Medicaid Expansion Could Save Lives

Lower death rates associated with expansions in 3 states
By Evann Gastaldo,  Newser Staff
Posted Jul 26, 2012 8:37 AM CDT
Medicaid Expansion Could Save Lives
Ora Botwinick performs a pre-natal exam on Maria de Lourdes at the Multnomah County's North Portland Health Center Monday, June 18, 2012, in Portland, Ore.   (AP Photo/Rick Bowmer)

As states decide whether to expand Medicaid by 2014 under ObamaCare, a new study could give them a compelling reason to do so: Harvard researchers found that fewer people died in states that expanded their programs. The study looked at data from New York, Maine, and Arizona, all of which recently began offering Medicaid to more low-income adults, and found that mortality rates of people ages 20 to 64 decreased by around 1,500 per year—while, in four neighboring states that did not expand Medicaid, death rates increased. When the data was adjusted for various factors, researchers determined that Medicaid expansions were associated with a 6.1% decline in deaths. General health was also improved, the New York Times reports.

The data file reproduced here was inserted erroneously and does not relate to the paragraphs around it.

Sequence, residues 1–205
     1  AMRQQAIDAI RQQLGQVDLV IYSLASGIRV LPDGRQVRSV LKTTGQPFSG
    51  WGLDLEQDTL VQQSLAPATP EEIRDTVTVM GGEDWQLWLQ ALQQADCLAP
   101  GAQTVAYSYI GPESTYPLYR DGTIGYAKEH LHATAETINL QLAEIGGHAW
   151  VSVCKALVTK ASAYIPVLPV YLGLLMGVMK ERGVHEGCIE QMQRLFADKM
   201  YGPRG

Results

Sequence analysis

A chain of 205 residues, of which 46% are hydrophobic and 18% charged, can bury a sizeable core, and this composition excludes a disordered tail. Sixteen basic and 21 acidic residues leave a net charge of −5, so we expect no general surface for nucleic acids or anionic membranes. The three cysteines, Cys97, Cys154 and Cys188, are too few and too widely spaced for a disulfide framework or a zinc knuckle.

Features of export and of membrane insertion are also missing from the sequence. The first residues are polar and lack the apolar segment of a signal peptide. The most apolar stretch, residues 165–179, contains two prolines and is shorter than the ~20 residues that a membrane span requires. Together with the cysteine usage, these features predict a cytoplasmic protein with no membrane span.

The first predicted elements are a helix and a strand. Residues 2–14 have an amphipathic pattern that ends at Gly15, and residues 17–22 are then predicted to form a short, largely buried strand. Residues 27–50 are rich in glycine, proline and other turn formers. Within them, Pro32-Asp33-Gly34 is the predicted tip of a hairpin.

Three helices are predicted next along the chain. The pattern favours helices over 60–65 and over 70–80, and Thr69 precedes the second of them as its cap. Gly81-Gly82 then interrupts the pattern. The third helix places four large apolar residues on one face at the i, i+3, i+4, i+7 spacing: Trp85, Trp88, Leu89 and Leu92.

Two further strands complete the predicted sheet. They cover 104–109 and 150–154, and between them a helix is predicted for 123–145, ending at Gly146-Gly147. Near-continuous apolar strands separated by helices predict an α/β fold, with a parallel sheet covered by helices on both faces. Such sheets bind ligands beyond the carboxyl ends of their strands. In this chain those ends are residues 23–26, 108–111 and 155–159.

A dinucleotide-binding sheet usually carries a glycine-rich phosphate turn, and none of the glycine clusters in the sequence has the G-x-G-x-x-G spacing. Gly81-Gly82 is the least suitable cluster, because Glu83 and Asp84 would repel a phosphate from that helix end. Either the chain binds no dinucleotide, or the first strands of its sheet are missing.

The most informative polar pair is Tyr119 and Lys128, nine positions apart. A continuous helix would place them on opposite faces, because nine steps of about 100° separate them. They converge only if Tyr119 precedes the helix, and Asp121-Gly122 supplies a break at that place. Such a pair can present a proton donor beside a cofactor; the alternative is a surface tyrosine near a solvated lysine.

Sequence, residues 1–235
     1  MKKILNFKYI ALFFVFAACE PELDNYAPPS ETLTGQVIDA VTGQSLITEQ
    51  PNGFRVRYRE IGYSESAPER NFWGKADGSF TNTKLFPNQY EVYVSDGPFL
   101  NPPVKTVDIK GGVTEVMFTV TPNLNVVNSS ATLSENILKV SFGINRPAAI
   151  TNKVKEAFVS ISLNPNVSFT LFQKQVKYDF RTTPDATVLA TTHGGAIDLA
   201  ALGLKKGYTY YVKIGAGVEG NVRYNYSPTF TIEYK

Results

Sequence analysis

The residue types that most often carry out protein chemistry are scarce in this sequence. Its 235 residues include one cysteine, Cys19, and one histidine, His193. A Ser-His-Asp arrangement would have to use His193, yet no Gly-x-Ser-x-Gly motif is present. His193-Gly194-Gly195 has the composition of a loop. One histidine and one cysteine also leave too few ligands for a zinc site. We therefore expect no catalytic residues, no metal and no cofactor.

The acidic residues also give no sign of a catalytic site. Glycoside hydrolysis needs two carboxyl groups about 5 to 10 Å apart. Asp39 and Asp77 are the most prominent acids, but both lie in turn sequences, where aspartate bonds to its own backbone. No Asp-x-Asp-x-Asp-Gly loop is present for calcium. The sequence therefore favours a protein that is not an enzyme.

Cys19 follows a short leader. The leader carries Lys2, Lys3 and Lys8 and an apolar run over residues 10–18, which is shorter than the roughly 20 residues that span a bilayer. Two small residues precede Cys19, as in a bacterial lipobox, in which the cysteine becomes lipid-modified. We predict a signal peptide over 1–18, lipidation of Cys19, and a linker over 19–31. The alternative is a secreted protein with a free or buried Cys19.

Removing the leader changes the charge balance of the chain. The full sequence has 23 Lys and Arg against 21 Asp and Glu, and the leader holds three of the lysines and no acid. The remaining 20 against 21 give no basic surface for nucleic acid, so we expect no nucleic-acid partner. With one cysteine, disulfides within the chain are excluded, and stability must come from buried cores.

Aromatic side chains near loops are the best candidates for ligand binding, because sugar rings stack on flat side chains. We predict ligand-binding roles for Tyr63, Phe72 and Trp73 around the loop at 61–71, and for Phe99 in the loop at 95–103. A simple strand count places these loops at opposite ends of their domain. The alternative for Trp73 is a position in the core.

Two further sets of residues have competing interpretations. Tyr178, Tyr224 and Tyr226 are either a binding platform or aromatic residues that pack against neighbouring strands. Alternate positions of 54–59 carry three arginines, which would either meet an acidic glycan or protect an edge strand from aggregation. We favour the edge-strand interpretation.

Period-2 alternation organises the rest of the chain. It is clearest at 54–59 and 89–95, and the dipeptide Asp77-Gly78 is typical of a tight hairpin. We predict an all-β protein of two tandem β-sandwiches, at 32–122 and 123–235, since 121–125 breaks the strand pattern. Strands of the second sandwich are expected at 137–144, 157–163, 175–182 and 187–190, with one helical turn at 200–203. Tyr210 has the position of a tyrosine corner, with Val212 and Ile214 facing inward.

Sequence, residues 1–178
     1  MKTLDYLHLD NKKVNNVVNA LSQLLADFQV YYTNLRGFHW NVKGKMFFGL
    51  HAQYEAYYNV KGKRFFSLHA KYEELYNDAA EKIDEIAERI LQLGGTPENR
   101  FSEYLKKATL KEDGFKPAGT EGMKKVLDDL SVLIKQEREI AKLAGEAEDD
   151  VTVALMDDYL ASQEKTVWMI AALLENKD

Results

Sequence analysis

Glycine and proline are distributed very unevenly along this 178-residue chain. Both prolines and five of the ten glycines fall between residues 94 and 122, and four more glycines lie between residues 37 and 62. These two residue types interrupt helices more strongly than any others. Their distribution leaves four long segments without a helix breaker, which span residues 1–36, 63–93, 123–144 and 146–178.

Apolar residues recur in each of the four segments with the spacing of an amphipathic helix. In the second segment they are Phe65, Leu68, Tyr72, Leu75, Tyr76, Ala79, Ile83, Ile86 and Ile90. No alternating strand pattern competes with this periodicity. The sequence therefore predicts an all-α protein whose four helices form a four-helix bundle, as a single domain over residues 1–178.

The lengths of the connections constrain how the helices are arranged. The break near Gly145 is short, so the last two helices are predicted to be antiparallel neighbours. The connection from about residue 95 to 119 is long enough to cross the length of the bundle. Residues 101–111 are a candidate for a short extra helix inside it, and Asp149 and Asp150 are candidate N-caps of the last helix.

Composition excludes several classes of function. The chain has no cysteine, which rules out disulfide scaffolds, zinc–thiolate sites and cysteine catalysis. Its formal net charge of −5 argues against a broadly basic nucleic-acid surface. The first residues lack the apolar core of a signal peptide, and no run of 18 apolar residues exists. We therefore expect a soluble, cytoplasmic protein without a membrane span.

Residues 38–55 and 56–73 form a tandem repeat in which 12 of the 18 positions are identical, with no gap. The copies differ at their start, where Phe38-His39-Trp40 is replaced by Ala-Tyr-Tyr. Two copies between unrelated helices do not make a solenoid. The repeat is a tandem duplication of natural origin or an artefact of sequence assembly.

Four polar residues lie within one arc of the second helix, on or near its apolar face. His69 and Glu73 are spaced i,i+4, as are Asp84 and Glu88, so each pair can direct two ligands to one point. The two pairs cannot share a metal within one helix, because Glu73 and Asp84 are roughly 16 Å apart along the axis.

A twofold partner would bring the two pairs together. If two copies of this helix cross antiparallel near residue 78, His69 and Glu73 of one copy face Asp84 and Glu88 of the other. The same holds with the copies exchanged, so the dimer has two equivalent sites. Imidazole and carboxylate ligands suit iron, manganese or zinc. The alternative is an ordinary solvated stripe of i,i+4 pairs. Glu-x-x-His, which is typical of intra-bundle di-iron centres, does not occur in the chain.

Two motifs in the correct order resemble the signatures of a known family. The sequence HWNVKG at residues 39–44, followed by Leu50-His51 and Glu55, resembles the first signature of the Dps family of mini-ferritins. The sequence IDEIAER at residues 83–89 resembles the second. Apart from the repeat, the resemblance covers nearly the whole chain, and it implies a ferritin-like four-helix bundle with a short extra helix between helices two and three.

The study is important because research into the efficacy of Medicaid is notoriously difficult, and critics often argue that Medicaid expansions may actually be linked to poor health. Even so, some skepticism remains. One big problem is that the data used are county-level statistics rather than individual mortality rates, one expert says. Another issue? Just one of the states, New York, had a statistically significant decline in deaths when studied individually; for that and other reasons, it may be difficult or impossible to generalize the results. Even so, experts note that another Medicaid study in Oregon found similarly positive results. (More ObamaCare stories.)

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